Sometimes a small number of individuals will at this time get separated from the main herd and take up their abode in some place by themselves; and when they have once done so it is almost impossible to drive them away. Last winter a solitary prong-horn strayed into the river bottom at the mouth of a wide creek-valley, half a mile from my ranch, and stayed there for three months, keeping with the cattle, and always being found within a mile of the same spot. A little band at the same time established itself on a large plateau, about five miles long by two miles wide, some distance up the river above me, and afforded fine sport to a couple of ranchmen who lived not far from its base. The antelope, twenty or thirty in number, would not leave the plateau, which lies in the midst of broken ground; for it is a peculiarity of these animals, which will be spoken of further on, that they will try to keep in the open ground at any cost or hazard. The two ranchmen agreed never to shoot at the antelope on foot, but only to try to kill them from horseback, either with their revolvers or their Winchesters. They thus hunted them for the sake of the sport purely; and certainly they got plenty of fun out of them. Very few horses indeed are as fast as a prong-horn; and these few did not include any owned by either of my two friends. But the antelope were always being obliged to break back from the edge of the plateau, and so were forced constantly to offer opportunities for cutting them off; and these opportunities were still further increased by the two hunters separating. One of them would go to the upper end of the plateau and start the band, riding after them at full speed. They would distance him, but would be checked in their career by coming to the brink of the cliff; then they would turn at an angle and give their pursuer a chance to cut them off; and if they kept straight up the middle the other hunter would head them. When a favorable moment came the hunters would dash in as close as possible and empty their revolvers or repeaters into the herd; but it is astonishing how hard it is, when riding a horse at full speed, to hit any object, unless it is directly under the muzzle of the weapon. The number of cartridges spent compared to the number of prong-horn killed was enormous; but the fun and excitement of the chase were the main objects with my friends, to whom the actual killing of the game was of entirely secondary importance. They went out after them about a dozen times during the winter, and killed in all ten or fifteen prong-horns.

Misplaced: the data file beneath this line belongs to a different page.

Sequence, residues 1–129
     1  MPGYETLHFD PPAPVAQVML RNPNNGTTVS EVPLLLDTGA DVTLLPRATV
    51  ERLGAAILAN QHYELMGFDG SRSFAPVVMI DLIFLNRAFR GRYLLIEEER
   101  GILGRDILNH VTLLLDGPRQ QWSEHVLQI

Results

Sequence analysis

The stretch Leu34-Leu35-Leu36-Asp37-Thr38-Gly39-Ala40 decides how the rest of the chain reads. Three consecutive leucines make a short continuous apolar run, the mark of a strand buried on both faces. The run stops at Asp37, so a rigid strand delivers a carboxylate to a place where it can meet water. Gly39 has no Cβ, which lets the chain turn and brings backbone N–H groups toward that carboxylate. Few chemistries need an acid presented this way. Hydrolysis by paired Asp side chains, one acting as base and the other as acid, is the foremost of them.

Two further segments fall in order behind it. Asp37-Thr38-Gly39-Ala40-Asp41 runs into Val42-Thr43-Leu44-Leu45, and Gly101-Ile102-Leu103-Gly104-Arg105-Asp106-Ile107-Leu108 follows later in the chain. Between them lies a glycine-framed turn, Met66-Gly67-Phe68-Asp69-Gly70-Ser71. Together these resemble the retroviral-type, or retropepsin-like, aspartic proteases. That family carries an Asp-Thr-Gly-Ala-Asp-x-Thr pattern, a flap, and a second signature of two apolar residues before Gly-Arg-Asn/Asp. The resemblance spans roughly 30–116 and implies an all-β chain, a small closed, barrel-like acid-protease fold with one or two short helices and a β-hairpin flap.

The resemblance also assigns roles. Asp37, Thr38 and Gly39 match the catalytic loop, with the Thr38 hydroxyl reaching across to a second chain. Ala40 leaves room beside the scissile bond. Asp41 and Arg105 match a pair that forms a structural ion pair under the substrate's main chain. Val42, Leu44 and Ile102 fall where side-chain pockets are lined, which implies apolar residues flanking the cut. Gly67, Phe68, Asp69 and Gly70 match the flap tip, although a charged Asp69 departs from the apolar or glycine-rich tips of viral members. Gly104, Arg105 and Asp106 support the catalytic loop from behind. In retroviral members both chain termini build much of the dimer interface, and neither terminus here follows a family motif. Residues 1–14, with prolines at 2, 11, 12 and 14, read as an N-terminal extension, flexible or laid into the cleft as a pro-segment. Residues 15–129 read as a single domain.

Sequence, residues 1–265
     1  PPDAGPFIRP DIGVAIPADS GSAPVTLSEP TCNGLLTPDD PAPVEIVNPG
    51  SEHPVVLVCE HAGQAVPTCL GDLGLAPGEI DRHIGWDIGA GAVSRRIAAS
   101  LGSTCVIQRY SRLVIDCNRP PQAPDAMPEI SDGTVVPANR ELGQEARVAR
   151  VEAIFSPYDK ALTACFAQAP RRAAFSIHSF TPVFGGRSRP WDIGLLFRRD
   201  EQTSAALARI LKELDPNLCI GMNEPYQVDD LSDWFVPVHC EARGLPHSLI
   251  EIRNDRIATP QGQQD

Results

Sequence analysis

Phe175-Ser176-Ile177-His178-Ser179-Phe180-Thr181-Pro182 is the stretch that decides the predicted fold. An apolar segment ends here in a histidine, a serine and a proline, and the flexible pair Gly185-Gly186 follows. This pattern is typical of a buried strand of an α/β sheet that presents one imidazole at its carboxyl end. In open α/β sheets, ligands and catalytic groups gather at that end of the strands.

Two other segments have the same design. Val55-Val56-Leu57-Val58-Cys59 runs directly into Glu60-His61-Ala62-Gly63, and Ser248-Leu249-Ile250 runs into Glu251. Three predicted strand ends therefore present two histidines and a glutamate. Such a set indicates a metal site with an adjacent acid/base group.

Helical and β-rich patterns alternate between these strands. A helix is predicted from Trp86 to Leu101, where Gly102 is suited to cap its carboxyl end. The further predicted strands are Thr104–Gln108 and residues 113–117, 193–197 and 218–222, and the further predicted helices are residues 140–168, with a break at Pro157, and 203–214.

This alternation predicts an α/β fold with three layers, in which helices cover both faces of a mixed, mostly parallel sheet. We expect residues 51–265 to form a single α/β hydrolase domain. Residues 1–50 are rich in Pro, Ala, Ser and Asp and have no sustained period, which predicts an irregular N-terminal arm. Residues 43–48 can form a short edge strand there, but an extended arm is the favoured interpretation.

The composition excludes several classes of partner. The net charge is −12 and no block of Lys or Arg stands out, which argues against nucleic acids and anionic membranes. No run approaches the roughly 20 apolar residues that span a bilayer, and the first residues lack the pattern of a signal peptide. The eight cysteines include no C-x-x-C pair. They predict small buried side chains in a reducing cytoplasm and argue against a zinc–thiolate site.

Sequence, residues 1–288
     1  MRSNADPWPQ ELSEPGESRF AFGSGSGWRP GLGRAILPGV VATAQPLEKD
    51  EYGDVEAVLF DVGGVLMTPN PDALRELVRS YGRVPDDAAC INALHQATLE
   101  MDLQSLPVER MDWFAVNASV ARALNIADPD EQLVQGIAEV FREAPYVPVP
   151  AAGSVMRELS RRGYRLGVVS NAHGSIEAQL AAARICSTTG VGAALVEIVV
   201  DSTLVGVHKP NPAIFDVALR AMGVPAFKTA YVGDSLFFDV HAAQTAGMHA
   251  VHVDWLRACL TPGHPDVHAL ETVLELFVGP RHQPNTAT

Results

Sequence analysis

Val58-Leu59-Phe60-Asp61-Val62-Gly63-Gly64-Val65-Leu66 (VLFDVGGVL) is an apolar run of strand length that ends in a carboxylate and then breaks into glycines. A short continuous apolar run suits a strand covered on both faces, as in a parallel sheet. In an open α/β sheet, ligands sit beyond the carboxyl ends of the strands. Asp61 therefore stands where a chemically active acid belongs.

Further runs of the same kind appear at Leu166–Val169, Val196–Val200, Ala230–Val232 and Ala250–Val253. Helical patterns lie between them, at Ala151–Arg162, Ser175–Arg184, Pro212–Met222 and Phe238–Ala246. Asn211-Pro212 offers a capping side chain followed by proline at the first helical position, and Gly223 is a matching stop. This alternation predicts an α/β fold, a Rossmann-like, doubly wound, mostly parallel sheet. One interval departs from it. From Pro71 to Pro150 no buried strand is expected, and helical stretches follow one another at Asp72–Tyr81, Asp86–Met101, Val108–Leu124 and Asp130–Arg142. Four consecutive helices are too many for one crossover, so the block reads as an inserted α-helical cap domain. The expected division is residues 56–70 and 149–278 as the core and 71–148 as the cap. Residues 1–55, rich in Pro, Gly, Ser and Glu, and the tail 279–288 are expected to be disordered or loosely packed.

A prong-horn is by far the fleetest animal on the plains; one can outrun and outlast a deer with the greatest ease. Very swift greyhounds can overtake them, if hunted in leashes or couples; but only a remarkably good dog can run one down single-handed. Besides prong-horn are most plucky little creatures, and will make a most resolute fight against a dog or wolf, striking with their forefeet and punching with their not very formidable horns, and are so quick and wiry as to be really rather hard to master.